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How Augmented Reality can help the HVAC&R industry evolve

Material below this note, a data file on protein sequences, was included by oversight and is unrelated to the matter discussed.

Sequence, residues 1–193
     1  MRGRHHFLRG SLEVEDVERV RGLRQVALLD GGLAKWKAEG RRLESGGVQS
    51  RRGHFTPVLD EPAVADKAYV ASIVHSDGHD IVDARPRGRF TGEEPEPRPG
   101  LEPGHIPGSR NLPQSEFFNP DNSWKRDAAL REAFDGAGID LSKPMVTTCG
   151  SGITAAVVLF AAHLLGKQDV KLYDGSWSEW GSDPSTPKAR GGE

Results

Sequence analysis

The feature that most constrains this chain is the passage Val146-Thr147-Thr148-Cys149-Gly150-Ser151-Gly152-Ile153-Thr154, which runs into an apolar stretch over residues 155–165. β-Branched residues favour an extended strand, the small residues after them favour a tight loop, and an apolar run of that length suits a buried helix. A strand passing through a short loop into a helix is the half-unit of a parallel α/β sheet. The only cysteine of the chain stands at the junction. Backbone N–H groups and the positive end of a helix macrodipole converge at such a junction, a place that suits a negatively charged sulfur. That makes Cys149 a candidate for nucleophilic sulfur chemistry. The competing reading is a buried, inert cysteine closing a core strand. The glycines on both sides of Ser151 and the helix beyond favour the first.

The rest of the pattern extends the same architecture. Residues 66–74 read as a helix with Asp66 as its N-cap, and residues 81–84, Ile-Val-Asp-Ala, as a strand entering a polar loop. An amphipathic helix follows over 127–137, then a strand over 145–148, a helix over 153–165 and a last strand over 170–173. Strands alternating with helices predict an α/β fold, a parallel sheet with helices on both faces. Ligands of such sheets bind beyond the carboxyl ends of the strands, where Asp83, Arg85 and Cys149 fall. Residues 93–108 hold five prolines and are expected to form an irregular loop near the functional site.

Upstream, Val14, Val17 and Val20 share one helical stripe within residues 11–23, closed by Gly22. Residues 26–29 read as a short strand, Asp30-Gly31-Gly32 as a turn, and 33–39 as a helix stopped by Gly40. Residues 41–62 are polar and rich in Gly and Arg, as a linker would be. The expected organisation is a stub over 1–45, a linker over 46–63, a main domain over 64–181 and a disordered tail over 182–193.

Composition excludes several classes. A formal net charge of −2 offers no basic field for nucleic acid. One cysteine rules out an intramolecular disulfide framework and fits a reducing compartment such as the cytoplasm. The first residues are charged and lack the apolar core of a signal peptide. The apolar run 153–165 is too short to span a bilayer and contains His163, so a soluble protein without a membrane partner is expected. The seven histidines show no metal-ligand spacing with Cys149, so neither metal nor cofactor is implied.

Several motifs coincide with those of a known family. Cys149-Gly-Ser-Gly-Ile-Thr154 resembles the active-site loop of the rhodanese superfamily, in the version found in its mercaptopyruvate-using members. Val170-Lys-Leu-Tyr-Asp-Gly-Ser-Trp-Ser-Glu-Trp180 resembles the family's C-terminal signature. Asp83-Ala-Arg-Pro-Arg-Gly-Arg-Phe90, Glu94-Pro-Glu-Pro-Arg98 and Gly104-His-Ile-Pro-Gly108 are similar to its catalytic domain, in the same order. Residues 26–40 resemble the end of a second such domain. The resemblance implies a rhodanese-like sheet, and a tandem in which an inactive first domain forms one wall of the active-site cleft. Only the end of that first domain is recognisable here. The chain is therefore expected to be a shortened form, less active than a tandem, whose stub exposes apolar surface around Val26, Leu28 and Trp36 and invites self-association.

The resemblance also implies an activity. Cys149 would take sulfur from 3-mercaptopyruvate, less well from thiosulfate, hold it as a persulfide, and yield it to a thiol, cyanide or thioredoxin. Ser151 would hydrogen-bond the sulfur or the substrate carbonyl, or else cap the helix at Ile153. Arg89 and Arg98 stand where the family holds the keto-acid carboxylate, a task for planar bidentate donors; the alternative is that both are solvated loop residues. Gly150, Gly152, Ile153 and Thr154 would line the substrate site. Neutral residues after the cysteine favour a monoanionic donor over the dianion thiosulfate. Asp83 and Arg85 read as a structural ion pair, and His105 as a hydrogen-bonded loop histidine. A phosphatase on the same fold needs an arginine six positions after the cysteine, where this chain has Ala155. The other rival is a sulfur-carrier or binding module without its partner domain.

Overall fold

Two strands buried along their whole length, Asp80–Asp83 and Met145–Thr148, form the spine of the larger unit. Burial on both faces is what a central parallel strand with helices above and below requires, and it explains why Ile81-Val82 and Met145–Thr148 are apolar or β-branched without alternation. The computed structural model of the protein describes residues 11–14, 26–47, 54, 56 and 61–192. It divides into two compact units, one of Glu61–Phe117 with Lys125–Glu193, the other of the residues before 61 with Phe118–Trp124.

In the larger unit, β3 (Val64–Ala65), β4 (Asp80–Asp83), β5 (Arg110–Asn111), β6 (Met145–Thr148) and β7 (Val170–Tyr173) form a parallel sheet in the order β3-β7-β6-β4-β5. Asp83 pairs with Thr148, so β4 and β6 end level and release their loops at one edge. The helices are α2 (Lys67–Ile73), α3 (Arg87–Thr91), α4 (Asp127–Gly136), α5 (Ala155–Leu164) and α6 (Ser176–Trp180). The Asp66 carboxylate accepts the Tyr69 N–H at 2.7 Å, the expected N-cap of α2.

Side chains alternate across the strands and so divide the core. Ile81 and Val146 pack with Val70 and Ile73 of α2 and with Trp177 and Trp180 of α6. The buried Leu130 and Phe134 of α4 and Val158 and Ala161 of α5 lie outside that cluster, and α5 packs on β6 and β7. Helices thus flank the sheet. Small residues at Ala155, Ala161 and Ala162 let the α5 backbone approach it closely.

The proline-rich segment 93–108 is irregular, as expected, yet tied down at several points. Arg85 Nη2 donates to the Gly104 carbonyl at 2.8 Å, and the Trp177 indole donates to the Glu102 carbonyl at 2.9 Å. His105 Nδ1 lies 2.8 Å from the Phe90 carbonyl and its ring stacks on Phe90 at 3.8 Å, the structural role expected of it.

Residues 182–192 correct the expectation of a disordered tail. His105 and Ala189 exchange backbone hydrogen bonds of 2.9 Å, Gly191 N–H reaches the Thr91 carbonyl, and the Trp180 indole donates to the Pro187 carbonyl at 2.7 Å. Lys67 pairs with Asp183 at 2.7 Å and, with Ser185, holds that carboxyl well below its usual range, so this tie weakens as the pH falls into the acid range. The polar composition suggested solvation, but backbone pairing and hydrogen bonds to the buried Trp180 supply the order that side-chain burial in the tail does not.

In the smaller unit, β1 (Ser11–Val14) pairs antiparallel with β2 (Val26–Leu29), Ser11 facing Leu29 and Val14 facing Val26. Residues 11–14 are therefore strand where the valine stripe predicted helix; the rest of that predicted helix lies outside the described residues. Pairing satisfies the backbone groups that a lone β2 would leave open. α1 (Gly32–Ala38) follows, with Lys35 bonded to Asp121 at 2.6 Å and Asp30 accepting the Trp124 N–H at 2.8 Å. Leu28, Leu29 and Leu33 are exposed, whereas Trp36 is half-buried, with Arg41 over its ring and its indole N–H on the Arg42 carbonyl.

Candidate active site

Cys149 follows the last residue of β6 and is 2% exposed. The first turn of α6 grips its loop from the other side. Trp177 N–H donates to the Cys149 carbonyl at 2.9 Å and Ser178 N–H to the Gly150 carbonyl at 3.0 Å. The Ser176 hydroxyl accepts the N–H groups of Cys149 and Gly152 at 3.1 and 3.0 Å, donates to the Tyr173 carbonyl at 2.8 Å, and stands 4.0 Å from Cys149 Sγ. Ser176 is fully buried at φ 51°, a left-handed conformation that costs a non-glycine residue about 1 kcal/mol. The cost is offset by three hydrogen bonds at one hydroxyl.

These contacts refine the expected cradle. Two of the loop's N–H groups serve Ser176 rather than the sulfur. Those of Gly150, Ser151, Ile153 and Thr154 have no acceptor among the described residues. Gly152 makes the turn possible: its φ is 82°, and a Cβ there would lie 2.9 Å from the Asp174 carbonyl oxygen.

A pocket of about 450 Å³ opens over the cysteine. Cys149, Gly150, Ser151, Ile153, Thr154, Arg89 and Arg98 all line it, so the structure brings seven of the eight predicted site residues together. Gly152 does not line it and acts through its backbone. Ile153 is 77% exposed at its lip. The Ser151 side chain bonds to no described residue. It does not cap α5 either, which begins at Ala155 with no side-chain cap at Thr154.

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A S H R A E J O U R N A L a s h r a e . o r g M A Y 2 0 2 1 2 2 How Augmented Reality Could Help the HVAC&R Industry to Evolve I NTE R V I E WS BY MARY KATE MCGO WAN, MANAG I NG E DITOR Augmented reality (AR) can make invisible information visible. From pipes in the walls to how to put together a prefabricated HVAC&R assembly, AR technology can uncover hidden truths to quickly resolve challenges in design, construction and operations and maintenance processes. Several industry professionals discuss how AR could help the HVAC&R industry to evolve. In any stage of the design, construction and operations processes, AR allows anyone to work on the project and see it in real time from anywhere. AR technology is still in its infancy, but some industry players have adopted this Industry 4.0 technology. "AR is one type of immersive technology, which is con- tinuing to rapidly mature, but still has received limited implementation on projects," said John Messner, pro- fessor of architectural engineering at The Pennsylvania State University. And, using extended reality technology, such as aug- mented reality, is a better way to leverage data, said Jordan Lawver, senior business area manager of AR/MR/ VR at Trimble Inc. The technologies help those use exist- ing data with the primary benefit of allowing anyone on a construction site to understand a design in context. To understand what augmented reality provides the HVAC&R system, engineers must understand the vari- ous levels of physical-digital interactions available with evolving technology, said 2020–21 ASHRAE President Charles E. Gulledge III, P.E., Fellow ASHRAE. "With the advent of smart objects and connected information, we can design systems virtually. Via virtual design and construction, we have the capacity to visual- ize complete building and system configurations before they ever become physical," he said. What is Augmented Reality? "Anything that superimposes a computer-generated image on a user's view of the real world is a kind of AR," said Zahra Ghorbani, a Ph.D. student at Penn State whose research is focused on leveraging AR for facilities management. Filters in Instagram and Snapchat are simple examples of AR. So is the IKEA Place app, which uses AR to allow customers to place digital representations of furniture in their homes before purchasing them, said Ghorbani, who is also the BIM manager for Penn State's Office of Physical Plant. AR takes a physical world element or setting and Column INDUSTRY 4.0 ©ASHRAE www.ashrae.org. Used with permission from ASHRAE Journal. This article may not be copied nor distributed in either paper or digital form without ASHRAE's permission. For more information about ASHRAE, visit www.ashrae.org.

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